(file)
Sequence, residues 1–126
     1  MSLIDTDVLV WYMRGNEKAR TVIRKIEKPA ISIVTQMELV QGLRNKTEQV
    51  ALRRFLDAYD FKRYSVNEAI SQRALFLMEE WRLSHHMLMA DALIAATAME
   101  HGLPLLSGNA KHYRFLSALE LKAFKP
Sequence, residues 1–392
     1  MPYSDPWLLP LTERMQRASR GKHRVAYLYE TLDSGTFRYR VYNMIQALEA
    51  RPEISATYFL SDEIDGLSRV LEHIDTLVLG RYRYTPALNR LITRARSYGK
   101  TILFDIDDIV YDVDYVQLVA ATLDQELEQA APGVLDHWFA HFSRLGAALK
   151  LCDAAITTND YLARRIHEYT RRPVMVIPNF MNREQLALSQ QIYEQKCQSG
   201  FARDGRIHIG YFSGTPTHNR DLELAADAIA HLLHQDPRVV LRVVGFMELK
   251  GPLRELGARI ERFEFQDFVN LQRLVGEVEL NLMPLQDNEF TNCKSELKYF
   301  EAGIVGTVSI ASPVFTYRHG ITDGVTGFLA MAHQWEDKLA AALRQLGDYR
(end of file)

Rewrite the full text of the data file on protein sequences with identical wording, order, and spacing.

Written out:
Sequence, residues 1–126
     1  MSLIDTDVLV WYMRGNEKAR TVIRKIEKPA ISIVTQMELV QGLRNKTEQV
    51  ALRRFLDAYD FKRYSVNEAI SQRALFLMEE WRLSHHMLMA DALIAATAME
   101  HGLPLLSGNA KHYRFLSALE LKAFKP
Sequence, residues 1–392
     1  MPYSDPWLLP LTERMQRASR GKHRVAYLYE TLDSGTFRYR VYNMIQALEA
    51  RPEISATYFL SDEIDGLSRV LEHIDTLVLG RYRYTPALNR LITRARSYGK
   101  TILFDIDDIV YDVDYVQLVA ATLDQELEQA APGVLDHWFA HFSRLGAALK
   151  LCDAAITTND YLARRIHEYT RRPVMVIPNF MNREQLALSQ QIYEQKCQSG
   201  FARDGRIHIG YFSGTPTHNR DLELAADAIA HLLHQDPRVV LRVVGFMELK
   251  GPLRELGARI ERFEFQDFVN LQRLVGEVEL NLMPLQDNEF TNCKSELKYF
   301  EAGIVGTVSI ASPVFTYRHG ITDGVTGFLA MAHQWEDKLA AALRQLGDYR